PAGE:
Why aren’t we resilient? What could be the matter?
Foreign direct investment (FDI) is a key to economic growth in emerging economies. It represents capital invested in a country that provides manufacturing and service capabilities for both native consumers and world markets.
As global economies are less dependent on geopolitical relationships of the last century, new opportunities emerge. As those no longer relevant geopolitical relationships fade, small economies must be creative and focused on sustainable growth and resilient community development.
So how can a small island nation attract direct foreign investment? Several factors separate those small economies that will grow from those that will not.
1. Capital Availability
Conditions in the global capital markets and general economic environment play a role in determining the flow of FDI into a country. Large amounts of investable capital that proportionately overwhelm the number of sound local investment ideas can cause company and individual investors to invest their wealth in emerging and developing markets.
Attractiveness as a destination for investment capital rests on its development of infrastructure, resource availability (physical and labor), productivity and workforce skills, and the development of the business value chain. A growing and developing economy requires infrastructure and resources in order to facilitate the sale of goods and services. Roads, highways, bridges and other forms of physical infrastructure should be present, maintained and provide sufficient safety for the transportation of goods as well as for the commute of employees. Another component for attracting FDI involves the availability of low-cost, skilled employees who possess the necessary aptitudes, experience and proficiencies to create, manufacture, and provide goods and services that can compete in global markets.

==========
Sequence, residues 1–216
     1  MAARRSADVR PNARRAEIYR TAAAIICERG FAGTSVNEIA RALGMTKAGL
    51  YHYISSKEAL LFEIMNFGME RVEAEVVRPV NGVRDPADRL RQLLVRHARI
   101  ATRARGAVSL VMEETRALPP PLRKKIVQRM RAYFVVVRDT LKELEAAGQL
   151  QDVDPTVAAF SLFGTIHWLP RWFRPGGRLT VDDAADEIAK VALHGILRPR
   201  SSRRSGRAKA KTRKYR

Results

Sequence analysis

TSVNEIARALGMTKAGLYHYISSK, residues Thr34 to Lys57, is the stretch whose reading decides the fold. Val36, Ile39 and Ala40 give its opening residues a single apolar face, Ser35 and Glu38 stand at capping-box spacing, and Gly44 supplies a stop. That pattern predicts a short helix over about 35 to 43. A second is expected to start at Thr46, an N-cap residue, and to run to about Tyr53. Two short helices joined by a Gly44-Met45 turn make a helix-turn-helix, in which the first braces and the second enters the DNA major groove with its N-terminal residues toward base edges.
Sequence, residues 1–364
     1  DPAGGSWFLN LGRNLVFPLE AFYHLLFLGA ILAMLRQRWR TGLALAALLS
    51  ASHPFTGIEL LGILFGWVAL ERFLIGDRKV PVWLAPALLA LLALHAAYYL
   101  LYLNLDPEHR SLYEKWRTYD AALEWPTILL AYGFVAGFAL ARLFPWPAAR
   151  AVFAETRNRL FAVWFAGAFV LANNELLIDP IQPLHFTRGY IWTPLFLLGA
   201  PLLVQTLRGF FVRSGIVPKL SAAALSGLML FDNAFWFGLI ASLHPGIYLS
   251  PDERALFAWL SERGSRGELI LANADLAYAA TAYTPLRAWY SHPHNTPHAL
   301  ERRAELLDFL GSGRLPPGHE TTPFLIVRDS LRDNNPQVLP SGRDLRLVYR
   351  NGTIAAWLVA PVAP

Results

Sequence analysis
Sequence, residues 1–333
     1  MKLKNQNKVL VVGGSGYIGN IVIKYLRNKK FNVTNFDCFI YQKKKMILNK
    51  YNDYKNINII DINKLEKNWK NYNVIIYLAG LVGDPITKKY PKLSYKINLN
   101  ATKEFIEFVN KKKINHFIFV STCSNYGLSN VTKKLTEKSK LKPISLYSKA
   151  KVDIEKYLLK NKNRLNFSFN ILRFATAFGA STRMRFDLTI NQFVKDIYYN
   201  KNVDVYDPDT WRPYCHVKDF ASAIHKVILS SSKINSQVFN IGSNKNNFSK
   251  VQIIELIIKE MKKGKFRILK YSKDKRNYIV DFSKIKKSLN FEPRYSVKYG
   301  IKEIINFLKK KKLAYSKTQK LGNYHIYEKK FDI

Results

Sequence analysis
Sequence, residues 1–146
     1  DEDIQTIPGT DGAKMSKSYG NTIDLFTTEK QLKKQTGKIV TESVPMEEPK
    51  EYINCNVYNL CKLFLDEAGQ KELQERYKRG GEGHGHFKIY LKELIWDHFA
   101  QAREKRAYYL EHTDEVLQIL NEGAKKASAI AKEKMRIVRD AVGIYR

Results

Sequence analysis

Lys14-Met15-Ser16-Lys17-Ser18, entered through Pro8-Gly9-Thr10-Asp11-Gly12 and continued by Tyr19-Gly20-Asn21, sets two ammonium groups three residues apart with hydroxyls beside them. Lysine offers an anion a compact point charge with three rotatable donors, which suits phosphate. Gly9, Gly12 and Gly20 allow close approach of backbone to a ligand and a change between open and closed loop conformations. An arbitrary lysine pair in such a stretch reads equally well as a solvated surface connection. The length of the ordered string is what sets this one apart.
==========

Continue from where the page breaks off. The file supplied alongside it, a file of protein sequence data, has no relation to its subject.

3. Regulatory Environment
When a national government enacts and enforces rules and policies aimed at favoring state entities at the expense of privately held firms, such an environment can be detrimental to initiatives that aim to attract FDI. As such, the regulatory environment can either encourage or impede foreign direct investment. Excessive regulations tend to hinder entrepreneurial and commercial activities, as managers and employees must spend more time and money to comply with rules and regulations. If an investor wants to set up a manufacturing facility in a small island nation, the high start-up costs, legal exposure and other cumbersome compliance items may encourage that investor to set up the facility elsewhere, where the business climate is more conducive to industry.
Other types of regulations include mandatory joint venture partnerships in which, together with the foreign investor, the business is required to have a local government agency or local company as a partner. A judicial system that is biased toward protecting locals who conduct what are sometimes perceived as unfair, illegal, or unethical business practices can also contribute to making a country less favorable investment destination.